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Tim Draper-Backed Defi Money Market Sees 140% Rise Amid Troubled Sale

Tim Draper
Tim Draper

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DeFi Money Market (DMM), a DeFi lending platform that’s backed by the Draper Venture Network, a platform by Tim Draper, has been seeing a problematic start as of late.

Cracks And Faults

The initial DEX offering (IDO) had shown a complete success, managing to raise $6.5 million in just 48 hours. However, investors have started to report issues, particularly when it comes to failure to complete various transactions. Further matters arise from the raised trust issues regarding the company’s background itself, alongside the confusing user interface.

In a separate instance, scammers on Telegram have managed to bolt with a hefty $40,000 from users trying to buy from this DEX. However, DMM has compensated these individuals with the lost tokens. Further issues come from the claims of privacy problems on the platform, as well.

India Looking A Complete Ban on Digital Currencies

A Shaky, But Significant Success

Even with all these issues, the DMG token of DMM has been trading at $0.87 apiece. This stands as more than double the initial sales price of the DMG, which stood at $0.36. Furthermore, the coin had the highest trading volumes on the Uniswap platform for the past 24 hours, with an impressive $4.8 million being traded against Ether (ETH).

As it stands now, the DMM project offers its users a 6.25% interest rate on assets like USDC, DAI, and ETH, backed by real-world assets, as well. The website itself claims that the assets themselves are cars owned by Finova Financial, worth a collective $8.8 million. It should be noted, however, that Finova’s CEO stands as a partner of DMM, as well.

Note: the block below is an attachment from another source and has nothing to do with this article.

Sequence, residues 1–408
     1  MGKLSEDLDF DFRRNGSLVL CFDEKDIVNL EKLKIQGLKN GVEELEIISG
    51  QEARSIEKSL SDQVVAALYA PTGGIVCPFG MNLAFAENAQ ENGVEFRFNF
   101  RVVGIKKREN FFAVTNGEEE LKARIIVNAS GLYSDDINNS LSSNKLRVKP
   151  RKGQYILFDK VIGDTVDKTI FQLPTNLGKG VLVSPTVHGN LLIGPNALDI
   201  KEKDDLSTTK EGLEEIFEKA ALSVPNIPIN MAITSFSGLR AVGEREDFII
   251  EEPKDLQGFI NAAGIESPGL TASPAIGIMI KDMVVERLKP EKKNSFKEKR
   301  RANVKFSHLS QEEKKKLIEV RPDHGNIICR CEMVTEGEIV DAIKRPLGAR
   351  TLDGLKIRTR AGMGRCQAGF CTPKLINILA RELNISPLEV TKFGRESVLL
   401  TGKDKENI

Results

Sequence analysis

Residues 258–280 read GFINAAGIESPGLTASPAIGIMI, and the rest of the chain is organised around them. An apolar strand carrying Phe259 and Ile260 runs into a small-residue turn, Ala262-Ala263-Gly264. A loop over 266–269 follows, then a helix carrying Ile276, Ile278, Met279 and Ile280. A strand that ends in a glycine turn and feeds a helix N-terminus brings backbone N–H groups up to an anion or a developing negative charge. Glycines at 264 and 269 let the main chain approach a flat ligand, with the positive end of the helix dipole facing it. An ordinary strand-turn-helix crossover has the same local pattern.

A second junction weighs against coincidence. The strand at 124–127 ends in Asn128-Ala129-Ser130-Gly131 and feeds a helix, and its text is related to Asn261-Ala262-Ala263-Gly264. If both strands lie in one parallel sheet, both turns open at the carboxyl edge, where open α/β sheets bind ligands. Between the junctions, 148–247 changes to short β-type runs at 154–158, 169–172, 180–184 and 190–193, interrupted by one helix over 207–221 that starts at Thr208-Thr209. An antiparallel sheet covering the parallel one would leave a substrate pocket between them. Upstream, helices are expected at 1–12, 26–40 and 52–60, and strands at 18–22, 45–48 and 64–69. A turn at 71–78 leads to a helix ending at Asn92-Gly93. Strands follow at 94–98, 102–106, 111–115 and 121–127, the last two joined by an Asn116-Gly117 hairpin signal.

Everything Seems Familiar

An independent crypto researcher, Frank Topbottom, has claimed that there were multiple identified instances within the network where the personal data within it was not adequately redacted from the relevant records. These records were provided in regards to the underlying assets that DMM holds.

With this excessive amount of user complaints, a vague air of disorganized chaos, as well as the Telegram scammers picking at the stragglers, a strange comparison could be made. To some, this looks eerily similar to the events surrounding the ICO boom back in 2017, but this time it’s just surrounding the DeFi boom.

It was just after the sale started that cracks started to show, with users on Twitter already complaining about various swap errors. Another user, as of yet anonymous, has claimed that ETH was being taken from their wallet, in spite of the fact that the system said their transactions had failed. As fuel for the fire, this same user had failed to receive any DMG tokens, in the process.

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